The magnet 70 operates in conjunction with the O-ring 30 (or larger diameter O-rings described above) to accurately center and hold the device during a bore sighting operation which may be effected in a well known manner. After the sighting in operation has been effected, the device is simply withdrawn by pulling it to the right (as shown in the various figures) to remove it from the barrel 10 of the firearm.
To permit use of the same device shown and described above in larger diameter bore (larger caliber) firearms, an adapter sleeve 40, as shown in FIGS. 2 and 3, may be threaded onto the externally threaded end 28 of the extension 24. The adapter 40 is internally threaded and has a larger external diameter than the external diameter of the extension 24. When the adapter 40 is placed on the end of the extension 24, it carries a permanent O-ring 46 on its left-hand or distal end for insertion into the lowest caliber firearm for which the extension 40 is designed. To use the extension 40 with larger caliber firearms, a pair of grooves 42 and 44, for holding O-rings of greater diameter than the O-ring 46, are provided. O-rings selected to engage the interior of the bore of a larger caliber firearm are placed within either or both of the grooves 42 or 44; so that the adapter 40 permits use of the device with a range of caliber sizes greater than the range provided by the extension 24 alone.
FIGS. 4 and 5 show yet another adapter which may be used for large-bore firearms, such as shotguns. A shotgun barrel 60 is shown in FIG. 4; and a second, larger adapter 50 is illustrated for insertion over the adapter 40. The adapters 40 and 50 are threaded together by means of the male threads 47 on the end of the adapter 40 and the female threads 52 on the inside of the adapter 50, much in the same manner as the adapter 40 is shown as being threaded onto the end 28 of the extension 24. The adapter 50 carries a permanent O-ring 54 for the smallest diameter bore (for example, 20 gauge) with which it is to be used. Additional, larger O-rings, such as an O-ring 56, however, may be employed for larger diameter bores (such as 12 gauge), and are placed in a circumferential groove 58 on the left-hand of the adapter section 50, as illustrated in FIGS. 4 and 5. The manner in which this is done is similar to the manner described previously for the smallest caliber size ranges used with the extension 24 itself when no adapters are used. In all other respects, the device with or without the adapters 40 and 50, is placed into the muzzle end of the barrel 10 or 60 of the firearm and the magnet 70 holds it in place against rotation and against movement during the sighting in operation.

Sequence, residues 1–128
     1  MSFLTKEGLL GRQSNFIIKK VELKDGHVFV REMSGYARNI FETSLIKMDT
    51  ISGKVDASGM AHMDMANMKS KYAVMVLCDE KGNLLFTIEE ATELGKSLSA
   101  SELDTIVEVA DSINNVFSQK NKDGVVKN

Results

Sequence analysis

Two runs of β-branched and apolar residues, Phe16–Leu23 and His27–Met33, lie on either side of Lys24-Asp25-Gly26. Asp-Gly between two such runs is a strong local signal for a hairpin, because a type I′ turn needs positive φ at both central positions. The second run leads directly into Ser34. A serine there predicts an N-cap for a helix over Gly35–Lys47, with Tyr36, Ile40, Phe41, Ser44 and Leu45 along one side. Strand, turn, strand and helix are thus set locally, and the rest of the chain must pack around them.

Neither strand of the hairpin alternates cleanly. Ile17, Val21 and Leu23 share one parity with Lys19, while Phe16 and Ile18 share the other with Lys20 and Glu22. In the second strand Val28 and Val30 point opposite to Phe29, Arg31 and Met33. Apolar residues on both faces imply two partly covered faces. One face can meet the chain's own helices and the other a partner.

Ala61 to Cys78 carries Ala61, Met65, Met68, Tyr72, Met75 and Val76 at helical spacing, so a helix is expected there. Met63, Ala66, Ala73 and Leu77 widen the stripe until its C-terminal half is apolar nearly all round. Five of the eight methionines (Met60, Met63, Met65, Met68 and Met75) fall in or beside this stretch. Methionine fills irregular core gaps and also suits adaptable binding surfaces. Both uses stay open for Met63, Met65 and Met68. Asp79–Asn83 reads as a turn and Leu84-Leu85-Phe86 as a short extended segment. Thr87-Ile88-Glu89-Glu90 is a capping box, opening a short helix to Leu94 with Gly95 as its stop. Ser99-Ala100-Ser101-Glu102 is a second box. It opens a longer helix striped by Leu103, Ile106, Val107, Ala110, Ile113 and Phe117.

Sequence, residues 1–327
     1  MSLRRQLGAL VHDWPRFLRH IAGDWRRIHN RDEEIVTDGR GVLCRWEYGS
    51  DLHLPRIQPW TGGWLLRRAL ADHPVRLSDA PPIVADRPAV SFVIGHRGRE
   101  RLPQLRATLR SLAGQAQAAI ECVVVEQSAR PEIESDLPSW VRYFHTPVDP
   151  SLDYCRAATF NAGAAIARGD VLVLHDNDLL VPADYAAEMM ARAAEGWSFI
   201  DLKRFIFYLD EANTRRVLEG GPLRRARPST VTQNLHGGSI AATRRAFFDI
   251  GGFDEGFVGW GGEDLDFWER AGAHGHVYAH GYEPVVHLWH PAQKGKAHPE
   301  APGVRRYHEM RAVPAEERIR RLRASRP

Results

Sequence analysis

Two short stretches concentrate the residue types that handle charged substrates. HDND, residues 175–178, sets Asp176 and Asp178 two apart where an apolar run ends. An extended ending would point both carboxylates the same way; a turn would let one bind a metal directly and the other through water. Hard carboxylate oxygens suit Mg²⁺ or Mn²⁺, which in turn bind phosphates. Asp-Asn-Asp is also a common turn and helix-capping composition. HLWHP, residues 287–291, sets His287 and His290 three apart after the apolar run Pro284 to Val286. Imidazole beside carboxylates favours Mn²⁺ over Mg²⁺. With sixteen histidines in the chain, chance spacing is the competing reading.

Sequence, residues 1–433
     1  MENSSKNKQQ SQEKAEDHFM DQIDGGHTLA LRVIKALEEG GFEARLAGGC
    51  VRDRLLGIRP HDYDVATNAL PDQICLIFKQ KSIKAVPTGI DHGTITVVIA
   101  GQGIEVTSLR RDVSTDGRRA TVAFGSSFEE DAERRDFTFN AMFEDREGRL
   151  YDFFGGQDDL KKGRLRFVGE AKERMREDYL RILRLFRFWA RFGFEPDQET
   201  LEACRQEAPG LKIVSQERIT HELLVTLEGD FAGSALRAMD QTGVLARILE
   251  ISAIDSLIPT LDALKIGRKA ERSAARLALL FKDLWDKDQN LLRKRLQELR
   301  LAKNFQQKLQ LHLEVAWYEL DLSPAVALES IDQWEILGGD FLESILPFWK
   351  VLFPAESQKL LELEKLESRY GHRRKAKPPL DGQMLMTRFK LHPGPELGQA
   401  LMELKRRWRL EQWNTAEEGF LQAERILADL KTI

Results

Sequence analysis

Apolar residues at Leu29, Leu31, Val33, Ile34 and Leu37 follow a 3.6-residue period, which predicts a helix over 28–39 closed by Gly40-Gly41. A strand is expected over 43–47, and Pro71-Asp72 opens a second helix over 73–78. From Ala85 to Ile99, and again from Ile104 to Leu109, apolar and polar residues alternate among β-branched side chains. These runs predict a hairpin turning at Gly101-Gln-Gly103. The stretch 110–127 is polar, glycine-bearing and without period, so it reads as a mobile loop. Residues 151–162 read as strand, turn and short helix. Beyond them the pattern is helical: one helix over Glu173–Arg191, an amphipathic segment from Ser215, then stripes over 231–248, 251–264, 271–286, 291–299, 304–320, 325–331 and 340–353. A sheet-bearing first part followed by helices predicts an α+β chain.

Obviously, the down-tapered conical section 22 must be made of non-magnetic material in order to obtain the maximum benefit from the magnet 70 located within it. It also is desirable to form the extension 24 of non-magnetic material. In fact the use of non-magnetic material for the housing 12 also is preferable. The down-tapered conical section 22 needs to be hollow in order to permit the insertion and securing of the magnet 70 within it. This section can be made in the form of a hollow aluminum section, or it may made of a number of different composite materials, or high impact plastic materials currently available on the market. Ideally, the extension 24 is a solid, cylindrical section formed either of aluminum or high-impact plastics or suitable composites. When the magnet 70 is placed inside a hollow housing, it is secured in place by means of suitable epoxy. If a composite tapered section 22 is employed, it is possible to form the section 22 around the magnet 70, so that it is permanently formed as an integral part of the tapered section. In any event, the operation of the device is the same, whether a hollow aluminum housing or a plastic or composite housing is used for the down-tapered conical section 22 and/or the extension 24 and the housing 12.
The foregoing description of the preferred embodiment of the invention should be considered as illustrative, and not as limiting. Various changes and modifications will occur to those skilled in the art for performing substantially the same function, in substantially the same way, to achieve substantially the same result, without departing from the true scope of the invention as defined in the appended claims.
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|U.S. Classification||42/116, 42/119, 42/114, 42/121, 42/120, 42/111|
|Oct 30, 2000||AS||Assignment|
Owner name: APPLIED MATERIALS, INC., CALIFORNIA
Free format text: ASSIGNMENT OF ASSIGNORS INTEREST;ASSIGNORS:HUANG, TZU-FANG;LU, YUNG-CHENG;XIZ, LI-QUN;AND OTHERS;REEL/FRAME:011071/0443;SIGNING DATES FROM 20000719 TO 20001022